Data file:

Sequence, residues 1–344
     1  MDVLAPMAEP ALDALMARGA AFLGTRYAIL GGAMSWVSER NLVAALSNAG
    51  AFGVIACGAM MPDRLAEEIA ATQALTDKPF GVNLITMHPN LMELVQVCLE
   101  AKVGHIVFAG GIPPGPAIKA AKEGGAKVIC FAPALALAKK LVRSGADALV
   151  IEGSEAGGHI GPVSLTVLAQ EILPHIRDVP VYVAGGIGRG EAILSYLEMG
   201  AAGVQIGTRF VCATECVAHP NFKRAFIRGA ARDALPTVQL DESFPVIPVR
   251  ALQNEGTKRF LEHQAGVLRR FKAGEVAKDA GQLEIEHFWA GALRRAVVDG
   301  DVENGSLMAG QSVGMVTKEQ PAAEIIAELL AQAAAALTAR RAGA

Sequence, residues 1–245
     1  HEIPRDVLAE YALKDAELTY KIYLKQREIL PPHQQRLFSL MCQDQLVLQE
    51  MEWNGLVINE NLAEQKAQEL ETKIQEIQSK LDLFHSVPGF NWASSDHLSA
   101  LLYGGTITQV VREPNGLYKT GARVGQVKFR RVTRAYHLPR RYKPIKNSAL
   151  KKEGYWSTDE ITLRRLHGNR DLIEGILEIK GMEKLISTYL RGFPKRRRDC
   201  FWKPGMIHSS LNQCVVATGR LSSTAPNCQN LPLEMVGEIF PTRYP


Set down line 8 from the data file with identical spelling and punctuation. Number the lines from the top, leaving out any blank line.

   301  DVENGSLMAG QSVGMVTKEQ PAAEIIAELL AQAAAALTAR RAGA